In an environment of increasing demand for renewable energy resources and derivatives, geothermal energy is one of the resources toward which industry is turning. "Geothermal" means heat from the Earth. As with all non-fossil fuels alternatives, geothermal energy has pros and cons.
Geothermal energy taps into the vast stores of natural heat within the Earth. At certain points around the globe, the Earth's heat combines with water and is relatively easy to extract. Familiar examples of the Earth's heat combining with water are the geysers at Yellowstone. There are vast reservoirs of heat waiting to be converted. Although the Earth's heat is available from anywhere on the planet, drilling for geothermal energy is only reasonably done in geothermal reservoirs closer to the Earth's surface. These areas are mostly found in Alaska, Hawaii, and some Western states.
Geothermal energy has various applications. Electricity is derived from geothermal sites and direct applications such as crop drying and district heating are possible. According to NREL (see Additional Resources), public utilities use geothermal water and steam to power generators and to produce electricity for utility consumers. Geothermal-derived heat also provides power necessary for infrastructure such as roads and for industrial uses. There are smaller scale residential uses as well.
The Department of Energy, Energy Efficiency and Renewable Energy resources describes how a geothermal system works. (Cited from http://www1.eere.energy.gov/geothermal/egs_animation_text.html ) The process begins with an injection well that drills into hot rock. Next, water is injected to either create a fracture for a reservoir or to further open fractures already in the rock. In the third stage, another well is drilled that interests the fractures and distributes water that pulls the heat from what previously was dry hot rock. Finally, more wells are drilled that will provide necessary power.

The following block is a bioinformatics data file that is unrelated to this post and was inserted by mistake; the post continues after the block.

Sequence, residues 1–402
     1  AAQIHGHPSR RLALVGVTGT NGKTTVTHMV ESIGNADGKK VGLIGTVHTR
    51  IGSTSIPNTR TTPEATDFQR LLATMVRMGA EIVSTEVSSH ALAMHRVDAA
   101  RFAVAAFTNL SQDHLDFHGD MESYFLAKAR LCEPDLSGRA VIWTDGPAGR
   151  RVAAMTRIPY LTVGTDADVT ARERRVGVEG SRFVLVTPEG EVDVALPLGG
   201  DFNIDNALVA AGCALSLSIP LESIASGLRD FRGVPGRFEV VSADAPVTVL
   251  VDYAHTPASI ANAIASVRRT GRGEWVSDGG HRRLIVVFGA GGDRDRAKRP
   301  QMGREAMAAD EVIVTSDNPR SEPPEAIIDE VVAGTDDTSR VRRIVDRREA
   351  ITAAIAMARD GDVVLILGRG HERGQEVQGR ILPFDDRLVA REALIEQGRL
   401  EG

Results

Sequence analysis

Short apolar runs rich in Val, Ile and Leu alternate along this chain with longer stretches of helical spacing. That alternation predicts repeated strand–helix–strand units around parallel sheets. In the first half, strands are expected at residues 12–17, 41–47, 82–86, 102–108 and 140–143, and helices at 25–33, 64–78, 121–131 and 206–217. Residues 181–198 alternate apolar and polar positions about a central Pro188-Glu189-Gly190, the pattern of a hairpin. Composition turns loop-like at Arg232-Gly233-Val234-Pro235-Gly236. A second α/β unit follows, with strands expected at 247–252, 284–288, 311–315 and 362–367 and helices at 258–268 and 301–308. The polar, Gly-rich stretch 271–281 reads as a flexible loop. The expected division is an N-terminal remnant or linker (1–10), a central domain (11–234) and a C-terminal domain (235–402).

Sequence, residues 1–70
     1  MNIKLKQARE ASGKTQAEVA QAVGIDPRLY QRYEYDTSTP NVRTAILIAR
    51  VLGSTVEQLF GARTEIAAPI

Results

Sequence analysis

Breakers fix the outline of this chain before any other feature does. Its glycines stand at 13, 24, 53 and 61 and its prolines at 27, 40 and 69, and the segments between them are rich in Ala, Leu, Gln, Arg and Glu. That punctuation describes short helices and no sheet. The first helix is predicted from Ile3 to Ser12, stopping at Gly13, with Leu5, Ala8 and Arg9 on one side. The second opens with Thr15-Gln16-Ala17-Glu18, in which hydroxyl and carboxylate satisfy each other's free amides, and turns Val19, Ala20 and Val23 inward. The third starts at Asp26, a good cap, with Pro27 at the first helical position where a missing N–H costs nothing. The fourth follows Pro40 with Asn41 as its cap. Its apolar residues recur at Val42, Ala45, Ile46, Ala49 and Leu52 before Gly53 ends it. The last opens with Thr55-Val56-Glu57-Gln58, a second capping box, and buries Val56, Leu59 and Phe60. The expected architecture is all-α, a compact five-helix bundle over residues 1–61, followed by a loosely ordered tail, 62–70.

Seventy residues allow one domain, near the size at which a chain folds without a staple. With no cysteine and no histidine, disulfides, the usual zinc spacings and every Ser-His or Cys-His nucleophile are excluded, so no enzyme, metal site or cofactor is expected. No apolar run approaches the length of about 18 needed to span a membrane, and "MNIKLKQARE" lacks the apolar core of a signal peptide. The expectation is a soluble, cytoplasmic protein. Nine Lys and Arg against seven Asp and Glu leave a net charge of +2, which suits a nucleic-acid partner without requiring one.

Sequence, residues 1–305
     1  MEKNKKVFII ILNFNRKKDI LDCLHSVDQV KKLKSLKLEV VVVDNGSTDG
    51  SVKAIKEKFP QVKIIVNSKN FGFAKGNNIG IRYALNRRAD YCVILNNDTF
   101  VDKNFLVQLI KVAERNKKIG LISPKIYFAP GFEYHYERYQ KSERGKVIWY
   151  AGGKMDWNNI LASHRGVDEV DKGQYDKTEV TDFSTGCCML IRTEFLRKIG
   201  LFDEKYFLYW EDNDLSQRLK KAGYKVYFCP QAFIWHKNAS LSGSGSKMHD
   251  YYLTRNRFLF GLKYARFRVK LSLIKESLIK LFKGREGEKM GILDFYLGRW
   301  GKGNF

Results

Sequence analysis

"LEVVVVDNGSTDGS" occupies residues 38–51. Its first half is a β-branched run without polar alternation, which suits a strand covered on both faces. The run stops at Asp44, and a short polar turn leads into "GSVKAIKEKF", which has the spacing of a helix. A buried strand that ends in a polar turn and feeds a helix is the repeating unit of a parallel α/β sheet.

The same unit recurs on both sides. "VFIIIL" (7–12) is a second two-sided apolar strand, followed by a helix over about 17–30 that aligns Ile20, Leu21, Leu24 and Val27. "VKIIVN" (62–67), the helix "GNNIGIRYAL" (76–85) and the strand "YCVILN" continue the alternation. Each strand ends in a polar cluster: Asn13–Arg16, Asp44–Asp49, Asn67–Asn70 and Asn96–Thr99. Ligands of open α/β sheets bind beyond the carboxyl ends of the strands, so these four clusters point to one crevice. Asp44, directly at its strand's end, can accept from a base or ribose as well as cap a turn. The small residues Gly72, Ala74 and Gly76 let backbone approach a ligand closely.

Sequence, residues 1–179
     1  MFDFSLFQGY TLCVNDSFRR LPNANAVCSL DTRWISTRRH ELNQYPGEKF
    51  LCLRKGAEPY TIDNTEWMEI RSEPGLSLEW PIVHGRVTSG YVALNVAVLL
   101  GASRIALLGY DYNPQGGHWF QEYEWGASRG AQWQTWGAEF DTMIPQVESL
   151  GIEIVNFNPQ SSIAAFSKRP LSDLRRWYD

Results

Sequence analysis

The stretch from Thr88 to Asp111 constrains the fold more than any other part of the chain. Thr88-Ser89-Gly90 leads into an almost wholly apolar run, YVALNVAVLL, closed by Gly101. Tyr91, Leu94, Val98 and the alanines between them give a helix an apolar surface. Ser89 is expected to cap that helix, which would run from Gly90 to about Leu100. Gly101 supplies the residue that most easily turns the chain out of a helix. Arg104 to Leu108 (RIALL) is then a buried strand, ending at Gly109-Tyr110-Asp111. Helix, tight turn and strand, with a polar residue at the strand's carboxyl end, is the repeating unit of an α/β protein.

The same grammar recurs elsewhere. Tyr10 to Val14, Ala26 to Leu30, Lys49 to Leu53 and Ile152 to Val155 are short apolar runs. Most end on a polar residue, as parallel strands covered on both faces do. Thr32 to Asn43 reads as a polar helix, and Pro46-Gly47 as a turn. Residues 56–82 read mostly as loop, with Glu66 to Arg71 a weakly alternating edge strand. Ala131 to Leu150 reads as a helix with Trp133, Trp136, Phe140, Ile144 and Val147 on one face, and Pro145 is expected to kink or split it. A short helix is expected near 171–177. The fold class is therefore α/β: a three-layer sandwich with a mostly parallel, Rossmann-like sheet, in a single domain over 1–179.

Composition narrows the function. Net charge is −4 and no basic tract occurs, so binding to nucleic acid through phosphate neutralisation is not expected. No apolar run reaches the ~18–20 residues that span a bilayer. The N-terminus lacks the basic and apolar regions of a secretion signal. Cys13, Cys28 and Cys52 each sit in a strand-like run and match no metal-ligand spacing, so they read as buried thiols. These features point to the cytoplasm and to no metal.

Once produced, geothermal energy is nearly completely non-polluting. Geothermal power plants are relatively inexpensive to operate. The energy is technically renewable and can be used as direct power source. These power plants are environmentally-friendly and leave few carbon footprints. Fossil fuels are not needed to bring geothermal power plants online.
Technology only makes geothermal energy available from certain regions on the planet. Initial drilling costs are expensive and the process is complex. Although the Earth's heat is ever-present, current or future geothermal sites may not be continuous sources of heat. Hot rocks must be managed well or the the water can cool the rocks. While some consider geothermal energy the most cost-efficient and non-polluting, there is as yet no guarantee that possible sites will provide desired quantities.
About the Author
Alyson Paige has a master's degree in canon law and began writing professionally in 1998. Her articles specialize in culture, business and home and garden, among many other topics.
http://www.communitysmarts.com/geothermalenergy.html, http://www-esd.lbl.gov/ER/images/geothermal2.jpeg, http://www.liv.ac.uk/science_eng_images/earth/geothermal.jpg, http://climateprogress.org/wp-content/uploads/2008/08/geothermal-pump.jpg, http://commons.wikimedia.org/wiki/File:Geothermal_energy_methods.png, http://inhabitat.com/wp-content/uploads/geothermal2.jpg